You know, six years ago, I was doing a corporate remote work conference called ‘Out of Office’, where we had the remote work companies, remote companies coming to talk about how they do work. And I always dreamt to see and wanted to see the workplace change where you can create more and more remote jobs and have more and more people have access to flexible work, do what they love. Like I was prone to have life before work and for me, this whole workplace change is just what I always dreamt of, in the workplace. So, I’m super happy to see that happening. Be positive. I’m optimistic. I really want this to keep going because it’s too good, too good.


Yeah, I feel optimistic in many ways. I feel the companies that are leading the way, like we talked about earlier, are going to continue to lead the way and do a great job, and are going to push us further into great stuff. I feel the companies and leaders right now who recognize that this is a big change, they haven’t quite figured out yet how to do it, are going to fall into that adaptation side. They will figure it out. It’ll be tough. It’ll be difficult. But people like you are there to help them along the way, so they will do it. I do feel there will be that kind of holdout of the old guard, the people who really just want to hold on to the power they have. 

But isn’t that human nature? 



To just resist change. 


Yeah. That could be anyone, or anything. It does not have to be remote work. And that will happen. But I think the one thing we all need to be aware of is, like you said, this is knowledge work. People who are doing work like us, it’s going to be great. We’re all going to have wonderful work life balance, it’s going to be fun.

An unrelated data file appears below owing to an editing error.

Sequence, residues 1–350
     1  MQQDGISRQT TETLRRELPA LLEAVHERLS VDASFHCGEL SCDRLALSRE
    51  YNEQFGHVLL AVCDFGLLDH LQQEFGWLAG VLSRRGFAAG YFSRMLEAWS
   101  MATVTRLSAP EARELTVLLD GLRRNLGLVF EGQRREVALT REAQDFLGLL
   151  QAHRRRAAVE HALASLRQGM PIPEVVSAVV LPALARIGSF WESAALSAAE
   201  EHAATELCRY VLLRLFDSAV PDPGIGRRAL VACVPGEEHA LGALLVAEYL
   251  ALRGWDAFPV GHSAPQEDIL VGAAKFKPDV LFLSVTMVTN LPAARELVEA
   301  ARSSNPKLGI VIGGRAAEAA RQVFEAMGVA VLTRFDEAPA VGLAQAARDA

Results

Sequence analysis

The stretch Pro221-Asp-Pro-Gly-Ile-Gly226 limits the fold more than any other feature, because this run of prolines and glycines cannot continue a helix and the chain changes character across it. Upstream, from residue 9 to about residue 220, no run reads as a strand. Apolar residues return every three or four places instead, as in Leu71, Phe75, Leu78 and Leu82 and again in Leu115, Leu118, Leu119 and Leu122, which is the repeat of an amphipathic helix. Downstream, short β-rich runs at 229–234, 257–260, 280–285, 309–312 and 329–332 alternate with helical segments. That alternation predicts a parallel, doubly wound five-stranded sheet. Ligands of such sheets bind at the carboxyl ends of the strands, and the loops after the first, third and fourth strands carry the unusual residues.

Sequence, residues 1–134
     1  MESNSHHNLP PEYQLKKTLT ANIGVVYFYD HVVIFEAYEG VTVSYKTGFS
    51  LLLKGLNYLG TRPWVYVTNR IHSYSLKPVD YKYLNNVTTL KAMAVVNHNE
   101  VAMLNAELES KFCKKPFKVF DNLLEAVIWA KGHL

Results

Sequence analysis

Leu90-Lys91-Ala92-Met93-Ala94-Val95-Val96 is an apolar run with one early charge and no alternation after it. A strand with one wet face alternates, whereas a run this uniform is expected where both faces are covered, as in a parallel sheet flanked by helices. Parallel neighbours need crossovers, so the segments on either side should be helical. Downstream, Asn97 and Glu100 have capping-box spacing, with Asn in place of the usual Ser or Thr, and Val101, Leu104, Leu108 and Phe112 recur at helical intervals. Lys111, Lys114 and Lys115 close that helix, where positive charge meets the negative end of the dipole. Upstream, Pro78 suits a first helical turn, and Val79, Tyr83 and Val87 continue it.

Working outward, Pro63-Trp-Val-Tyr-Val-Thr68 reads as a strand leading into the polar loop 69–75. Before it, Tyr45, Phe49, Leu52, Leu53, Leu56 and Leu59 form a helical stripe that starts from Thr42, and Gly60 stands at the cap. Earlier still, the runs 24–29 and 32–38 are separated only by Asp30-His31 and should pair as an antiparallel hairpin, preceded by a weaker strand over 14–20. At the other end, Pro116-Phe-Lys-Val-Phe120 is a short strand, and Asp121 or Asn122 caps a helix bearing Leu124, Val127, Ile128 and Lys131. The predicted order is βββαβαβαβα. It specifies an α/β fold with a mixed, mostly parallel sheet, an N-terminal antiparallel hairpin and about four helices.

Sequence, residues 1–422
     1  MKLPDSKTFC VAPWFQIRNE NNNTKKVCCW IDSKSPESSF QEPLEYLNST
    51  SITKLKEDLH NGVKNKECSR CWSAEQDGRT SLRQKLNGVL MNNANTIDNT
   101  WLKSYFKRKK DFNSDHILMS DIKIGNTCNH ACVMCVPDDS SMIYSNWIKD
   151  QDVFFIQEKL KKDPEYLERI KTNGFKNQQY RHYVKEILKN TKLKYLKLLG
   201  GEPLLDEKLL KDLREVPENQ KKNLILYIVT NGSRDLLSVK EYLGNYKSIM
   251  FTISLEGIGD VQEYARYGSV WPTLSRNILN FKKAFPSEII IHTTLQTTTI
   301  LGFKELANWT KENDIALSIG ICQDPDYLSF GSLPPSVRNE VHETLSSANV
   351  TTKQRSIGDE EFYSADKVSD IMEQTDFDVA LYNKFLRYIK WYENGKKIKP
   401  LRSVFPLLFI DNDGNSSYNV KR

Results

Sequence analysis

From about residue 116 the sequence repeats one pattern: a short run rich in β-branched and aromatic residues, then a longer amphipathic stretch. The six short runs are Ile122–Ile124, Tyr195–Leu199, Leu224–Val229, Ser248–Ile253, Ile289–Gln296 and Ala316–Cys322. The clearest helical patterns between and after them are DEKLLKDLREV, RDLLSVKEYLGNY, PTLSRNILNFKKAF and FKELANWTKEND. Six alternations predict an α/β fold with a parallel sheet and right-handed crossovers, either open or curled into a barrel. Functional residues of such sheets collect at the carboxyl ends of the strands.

I mean, that’s not true. When I used to give talks about remote work back in 2016-17, it was quite negative. I was like, here on the dark side of remote work, challenges and everything. And there is a lot of challenges. It’s not all sunshine and rainbows.


But when you compare it to what my father went through with his career. Like, every time I take what I have in the challenges I have versus what he had, and that, so 100% there. But then when we think about it, knowledge work is still just a fraction of what people do for a living and for wages in our world and recognizing that it’s not the same for everybody else and we should also be thinking about how to make that equitable across the board.

Definitely. That’s a good point.


Cool. All right, Daphnee, this has been great. I feel we could just talk all day.

Yeah, it’s amazing to discuss with you.


It’s fun. Tell people where they can go. Obviously, you have your own podcast. So, tell us about that and other things you do.

Yes. So, you can also come and ping me on LinkedIn. You can follow the Remote First Podcast, where I talk about all things remote-first, with different leaders of companies, like large companies like Slack. We had HubSpot, Dropbox, all just coming about, talking about the way they transformed their company. Yeah, it’s super nice to have you, Neil, also. Thank you for hosting this discussion.


Yeah, it’s fun. This will be the start of a long conversation hopefully that spans many years as we continue to check in with you and see what you’re doing. So, we’ll put all those links to your stuff in our show notes. We’re kind of cross posting this too, so we’re excited to continue to collaborate together. 



Daphnée is a Distributed Workplace Consultant on a mission to help executives, people ops and team leaders drive a company-wide shift toward remote-first ways of working. Within 10 years of experience in fully distributed companies, she played key roles in establishing scalable workflows for growth, facilitating business decisions remotely and building internal products dedicated to digital-first teams.

As an early advocate of remote work, she previously led the first online conference about remote work as a business strategy with over 1500 live attendees. Recently, she launched the Remote First Podcast where every week she chats with leaders from large companies (Shopify, Slack, Elastic ) about their experience at scaling a digital-first culture.